Now it’s John’s turn. The Ravens had fourth and one on the Patriots 3 yard line, down 3-0. I turned to my buddy Nate the Great and said, the Ravens are going to lose if they kick the field goal. Billy Cundiff boomed it through the uprights, and the Ravens did indeed lose. What did the Patriots do in the same situation early in the fourth quarter? They called a hurry up QB sneak and Brady heroically dove over the pile (nearly getting broken in half) for the touchdown. I also give Belichick/Brady credit for calling some crazy around end QB sneaks, which largely worked. Score one for Belichick over Harbaugh.

Perhaps John’s biggest mistake, however, came at the very end of the game. As explained by Stefan Fatsis at Slate, Cundiff was extremely rushed taking the kick. Whatever the reason for the rush, Harbaugh should have realized it and called a time out. Perhaps he was worried about icing his own kicker a la Jason Garrett, but we all know that doesn’t work. Cundiff missed the kick, and the Patriots are headed to the Super Bowl.

Unsung Heroes

For the Ravens – Patriots game, Vince Wilfork is my unsung hero. Mike Reiss at ESPN describes his performance well. From bull rushes to blowing up running plays, Wilfork was a monster in this game. He usually blows up blocks and disrupts plays but doesn’t make many tackles; yesterday he was making those plays and getting the tackles, in the running game and the passing game.

For the 49ers – Giants game, both punters deserve a lot of credit. Andy Lee was awesome all year for the 49ers. On a team with a horrible offense, the punter is extremely important. Lee and Steve Weatherford (for the Giants) had 10 and 12 punts, respectively, and neither shanked a single one. Both averaged over 45 yards a punt, without allowing any substantial returns.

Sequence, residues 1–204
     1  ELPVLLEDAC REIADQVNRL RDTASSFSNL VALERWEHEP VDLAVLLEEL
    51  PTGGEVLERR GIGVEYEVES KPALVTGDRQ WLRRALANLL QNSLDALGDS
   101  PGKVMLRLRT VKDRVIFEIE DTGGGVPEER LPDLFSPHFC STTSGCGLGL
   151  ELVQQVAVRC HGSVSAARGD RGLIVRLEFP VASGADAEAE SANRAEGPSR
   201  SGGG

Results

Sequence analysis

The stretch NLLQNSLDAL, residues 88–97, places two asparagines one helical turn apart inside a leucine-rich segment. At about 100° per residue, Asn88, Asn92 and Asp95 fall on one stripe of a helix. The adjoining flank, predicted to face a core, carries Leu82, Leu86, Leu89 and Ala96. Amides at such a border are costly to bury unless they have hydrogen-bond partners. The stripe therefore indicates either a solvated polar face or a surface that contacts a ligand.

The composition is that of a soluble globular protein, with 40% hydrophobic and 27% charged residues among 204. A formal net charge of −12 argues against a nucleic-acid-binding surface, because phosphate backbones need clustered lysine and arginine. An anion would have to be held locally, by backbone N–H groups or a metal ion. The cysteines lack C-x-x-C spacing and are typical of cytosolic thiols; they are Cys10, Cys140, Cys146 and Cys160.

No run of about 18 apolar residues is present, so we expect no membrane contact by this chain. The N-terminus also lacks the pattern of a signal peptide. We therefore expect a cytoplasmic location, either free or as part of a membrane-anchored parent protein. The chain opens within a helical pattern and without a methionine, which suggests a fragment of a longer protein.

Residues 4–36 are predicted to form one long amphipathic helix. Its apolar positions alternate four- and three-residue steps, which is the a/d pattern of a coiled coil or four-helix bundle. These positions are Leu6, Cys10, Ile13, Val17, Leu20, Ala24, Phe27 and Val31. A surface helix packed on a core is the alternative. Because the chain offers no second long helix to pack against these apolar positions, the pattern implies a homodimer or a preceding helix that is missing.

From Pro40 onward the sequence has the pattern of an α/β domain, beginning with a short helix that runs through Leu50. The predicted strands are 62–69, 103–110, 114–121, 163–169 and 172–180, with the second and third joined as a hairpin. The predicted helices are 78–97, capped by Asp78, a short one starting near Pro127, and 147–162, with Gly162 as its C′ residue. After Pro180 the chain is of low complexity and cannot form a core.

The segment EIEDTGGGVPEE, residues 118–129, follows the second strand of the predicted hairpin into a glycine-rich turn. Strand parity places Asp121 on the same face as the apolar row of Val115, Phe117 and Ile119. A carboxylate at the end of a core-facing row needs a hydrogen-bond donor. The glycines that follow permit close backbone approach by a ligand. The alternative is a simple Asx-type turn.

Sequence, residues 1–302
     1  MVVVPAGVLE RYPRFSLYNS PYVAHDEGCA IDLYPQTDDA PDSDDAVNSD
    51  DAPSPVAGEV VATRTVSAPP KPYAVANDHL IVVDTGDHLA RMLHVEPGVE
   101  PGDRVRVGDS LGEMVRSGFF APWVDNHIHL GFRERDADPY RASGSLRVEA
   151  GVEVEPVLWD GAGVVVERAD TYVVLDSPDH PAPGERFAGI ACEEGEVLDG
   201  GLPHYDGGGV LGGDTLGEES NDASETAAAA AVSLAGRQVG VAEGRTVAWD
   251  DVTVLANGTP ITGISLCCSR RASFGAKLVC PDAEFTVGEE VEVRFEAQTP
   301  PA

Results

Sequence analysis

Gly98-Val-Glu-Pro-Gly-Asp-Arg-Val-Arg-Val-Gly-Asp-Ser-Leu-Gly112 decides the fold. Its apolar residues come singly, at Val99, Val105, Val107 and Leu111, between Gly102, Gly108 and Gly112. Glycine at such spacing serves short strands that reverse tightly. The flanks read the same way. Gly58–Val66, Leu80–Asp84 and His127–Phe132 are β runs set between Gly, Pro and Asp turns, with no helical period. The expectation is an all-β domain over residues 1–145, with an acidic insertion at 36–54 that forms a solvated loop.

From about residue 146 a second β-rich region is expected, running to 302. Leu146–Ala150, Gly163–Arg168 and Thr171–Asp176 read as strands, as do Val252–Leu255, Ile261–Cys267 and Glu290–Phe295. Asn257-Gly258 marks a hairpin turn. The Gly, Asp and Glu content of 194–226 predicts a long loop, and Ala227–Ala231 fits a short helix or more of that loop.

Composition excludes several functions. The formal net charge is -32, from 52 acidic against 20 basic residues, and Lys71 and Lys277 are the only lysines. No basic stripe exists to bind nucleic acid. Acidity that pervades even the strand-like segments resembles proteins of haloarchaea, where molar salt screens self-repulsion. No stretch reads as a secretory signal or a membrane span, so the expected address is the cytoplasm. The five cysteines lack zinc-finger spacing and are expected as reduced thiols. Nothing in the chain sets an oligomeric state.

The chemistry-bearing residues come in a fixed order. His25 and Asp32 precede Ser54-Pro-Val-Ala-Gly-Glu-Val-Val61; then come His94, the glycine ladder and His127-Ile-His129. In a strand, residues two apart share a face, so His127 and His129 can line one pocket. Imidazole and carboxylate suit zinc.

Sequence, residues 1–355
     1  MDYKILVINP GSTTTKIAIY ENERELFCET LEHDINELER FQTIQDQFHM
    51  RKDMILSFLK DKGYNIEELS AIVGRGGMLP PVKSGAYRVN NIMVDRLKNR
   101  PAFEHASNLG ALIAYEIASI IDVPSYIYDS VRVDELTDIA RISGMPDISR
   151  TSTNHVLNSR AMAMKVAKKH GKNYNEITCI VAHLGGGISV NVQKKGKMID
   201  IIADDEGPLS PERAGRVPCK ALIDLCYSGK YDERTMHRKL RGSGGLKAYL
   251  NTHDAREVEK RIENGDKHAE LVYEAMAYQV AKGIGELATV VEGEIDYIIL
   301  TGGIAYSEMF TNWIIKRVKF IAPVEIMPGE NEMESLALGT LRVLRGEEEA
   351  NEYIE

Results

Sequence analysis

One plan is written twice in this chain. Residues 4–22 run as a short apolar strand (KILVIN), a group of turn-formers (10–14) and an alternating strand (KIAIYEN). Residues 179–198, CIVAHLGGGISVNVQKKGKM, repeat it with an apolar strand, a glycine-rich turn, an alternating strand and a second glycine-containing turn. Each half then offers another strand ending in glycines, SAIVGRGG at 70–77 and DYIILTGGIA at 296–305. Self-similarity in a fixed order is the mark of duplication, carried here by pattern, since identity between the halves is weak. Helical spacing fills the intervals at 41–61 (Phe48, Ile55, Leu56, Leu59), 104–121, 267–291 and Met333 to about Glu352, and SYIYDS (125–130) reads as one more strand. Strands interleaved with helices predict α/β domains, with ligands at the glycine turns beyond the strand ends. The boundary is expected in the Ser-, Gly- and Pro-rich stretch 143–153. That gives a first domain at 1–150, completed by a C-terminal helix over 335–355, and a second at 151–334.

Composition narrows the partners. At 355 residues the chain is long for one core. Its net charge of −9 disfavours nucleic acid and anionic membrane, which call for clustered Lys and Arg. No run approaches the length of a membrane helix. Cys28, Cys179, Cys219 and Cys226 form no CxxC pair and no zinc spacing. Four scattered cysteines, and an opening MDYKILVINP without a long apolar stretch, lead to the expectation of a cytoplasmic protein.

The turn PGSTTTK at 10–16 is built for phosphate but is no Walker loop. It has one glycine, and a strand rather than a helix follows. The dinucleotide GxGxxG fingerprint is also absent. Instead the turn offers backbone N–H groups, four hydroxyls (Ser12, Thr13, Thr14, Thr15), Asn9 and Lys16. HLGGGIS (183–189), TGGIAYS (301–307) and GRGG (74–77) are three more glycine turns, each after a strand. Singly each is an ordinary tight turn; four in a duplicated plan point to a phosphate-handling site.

More to come on the Super Bowl in the next week or two, but for right now, I’m taking the Patriots and I think they will win easily. It’s a revenge game, Belichick’s favorite.

7 responses to “Rematch!

  1. Pingback: Part 2: did Lee Evans make the catch? | Causal Sports Fan

  2. Pingback: Part 1: did Lee Evans make the catch? | Causal Sports Fan

  3. I don’t know if the standard is the same in football as it is in hockey, but in hockey, the play is dead as soon as the referee makes the mental decision to blow his whistle. Whether the whistle is actually blown before the impugned play occurs is irrelevant. For example: say there is a scramble around the goal net and the referee loses sight of the puck. As a result, he believes it is covered by the goalie and decides to blow the play dead. However, as he is bringing the whistle to his mouth, a player knocks the puck into the net. Even though the goal is scored before the whistle is actually blown, the goal does not count. The play is dead the moment the referee makes up his mind to blow the whistle.